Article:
Allies beset by infighting over next steps for Libya
Infighting and confusion over the command of the military mission in Libya continued yesterday as NATO remained deeply split and Barack Obama announced the US would pull back "this week".
The US president "absolutely" ruled out a land invasion to topple Colonel Muammar Gaddafi and insisted that America would stand down from its leading military role within days.
Uncertainty over who would take over military command deepened as France and Britain remained divided over how central NATO's role would be in the international coalition.
Mr Obama insisted that it was time for all countries playing a part in operations to sort out how the Libya campaign would be fought. The air war has been dominated by US aircraft and missiles.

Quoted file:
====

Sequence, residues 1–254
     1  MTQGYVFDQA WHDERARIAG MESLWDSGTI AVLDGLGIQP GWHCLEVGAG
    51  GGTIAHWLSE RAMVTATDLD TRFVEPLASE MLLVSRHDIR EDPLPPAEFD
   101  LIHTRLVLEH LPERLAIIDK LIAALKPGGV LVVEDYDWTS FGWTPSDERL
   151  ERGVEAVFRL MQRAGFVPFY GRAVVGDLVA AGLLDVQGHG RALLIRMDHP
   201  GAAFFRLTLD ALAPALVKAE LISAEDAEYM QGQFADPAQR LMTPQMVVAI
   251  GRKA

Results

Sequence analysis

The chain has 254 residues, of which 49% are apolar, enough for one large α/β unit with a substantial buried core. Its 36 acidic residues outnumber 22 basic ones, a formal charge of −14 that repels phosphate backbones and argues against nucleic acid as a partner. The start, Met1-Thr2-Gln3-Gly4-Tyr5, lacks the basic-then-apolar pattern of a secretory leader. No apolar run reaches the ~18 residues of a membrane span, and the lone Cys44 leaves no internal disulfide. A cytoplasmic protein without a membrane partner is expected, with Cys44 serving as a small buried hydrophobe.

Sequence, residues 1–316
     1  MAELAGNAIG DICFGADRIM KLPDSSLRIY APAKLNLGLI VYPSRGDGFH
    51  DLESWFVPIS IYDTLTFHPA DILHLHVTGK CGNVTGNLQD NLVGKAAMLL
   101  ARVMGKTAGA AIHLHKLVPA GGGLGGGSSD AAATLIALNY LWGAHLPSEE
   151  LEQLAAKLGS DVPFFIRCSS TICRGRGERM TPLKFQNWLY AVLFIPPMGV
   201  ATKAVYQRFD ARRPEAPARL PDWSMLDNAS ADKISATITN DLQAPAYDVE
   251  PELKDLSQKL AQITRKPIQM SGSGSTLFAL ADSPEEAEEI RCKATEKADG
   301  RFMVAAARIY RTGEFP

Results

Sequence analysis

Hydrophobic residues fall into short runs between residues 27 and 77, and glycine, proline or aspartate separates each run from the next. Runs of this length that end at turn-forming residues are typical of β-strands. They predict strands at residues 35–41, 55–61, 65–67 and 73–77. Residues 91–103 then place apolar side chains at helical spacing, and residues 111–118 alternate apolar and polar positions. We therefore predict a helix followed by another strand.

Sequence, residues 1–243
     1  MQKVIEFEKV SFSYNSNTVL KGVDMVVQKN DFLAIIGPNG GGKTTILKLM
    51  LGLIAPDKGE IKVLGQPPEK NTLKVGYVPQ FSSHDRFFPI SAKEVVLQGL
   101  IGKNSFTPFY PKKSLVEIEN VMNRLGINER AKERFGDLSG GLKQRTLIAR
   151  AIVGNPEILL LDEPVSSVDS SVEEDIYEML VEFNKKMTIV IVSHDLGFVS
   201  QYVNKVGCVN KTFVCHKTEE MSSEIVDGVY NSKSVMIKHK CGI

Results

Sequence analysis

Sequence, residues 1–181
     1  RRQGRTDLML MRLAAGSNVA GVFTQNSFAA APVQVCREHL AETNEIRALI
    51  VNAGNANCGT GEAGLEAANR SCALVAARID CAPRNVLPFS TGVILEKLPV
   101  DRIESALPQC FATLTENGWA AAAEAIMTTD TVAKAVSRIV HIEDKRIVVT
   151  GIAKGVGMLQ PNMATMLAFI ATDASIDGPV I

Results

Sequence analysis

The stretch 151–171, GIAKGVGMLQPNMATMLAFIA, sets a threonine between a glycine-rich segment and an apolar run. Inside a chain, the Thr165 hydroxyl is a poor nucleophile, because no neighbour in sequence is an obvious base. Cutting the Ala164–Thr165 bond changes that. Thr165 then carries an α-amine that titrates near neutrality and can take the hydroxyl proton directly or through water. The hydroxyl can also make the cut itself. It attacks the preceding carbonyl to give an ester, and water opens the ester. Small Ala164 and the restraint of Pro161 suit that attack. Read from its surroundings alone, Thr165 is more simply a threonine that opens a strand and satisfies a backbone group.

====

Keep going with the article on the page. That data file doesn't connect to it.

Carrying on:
"The exit strategy will be executed this week in the sense that we will be pulling back from our much more active efforts to shape the environment," Mr Obama said.
"We'll still be in a support role. We'll still be providing jamming and intelligence and other assets that are unique to us.
"But this is an international effort that's designed to accomplish the goals that were set out in the (UN) Security Council resolution."
Washington and London had hoped that NATO would quickly take over "command and control" of operations to enforce a no-fly zone and the protection of civilians.
While NATO warships began patrolling off Libya's coast to enforce a UN arms embargo, members of the alliance remained divided on how to proceed.
France and Turkey, with German support, continued to oppose a leading role for NATO. They want to avoid a rerun of operations in Afghanistan that have undermined support in the Muslim and Arab world.
In an attempt to paper over the cracks and to cement an international coalition, Britain's foreign secretary William Hague, will host a summit in London next Tuesday.
The meeting, announced in Paris, followed another day of fruitless NATO wrangling. "These are difficult discussions on very difficult issues," a NATO spokesman admitted yesterday. ( © Daily Telegraph, London)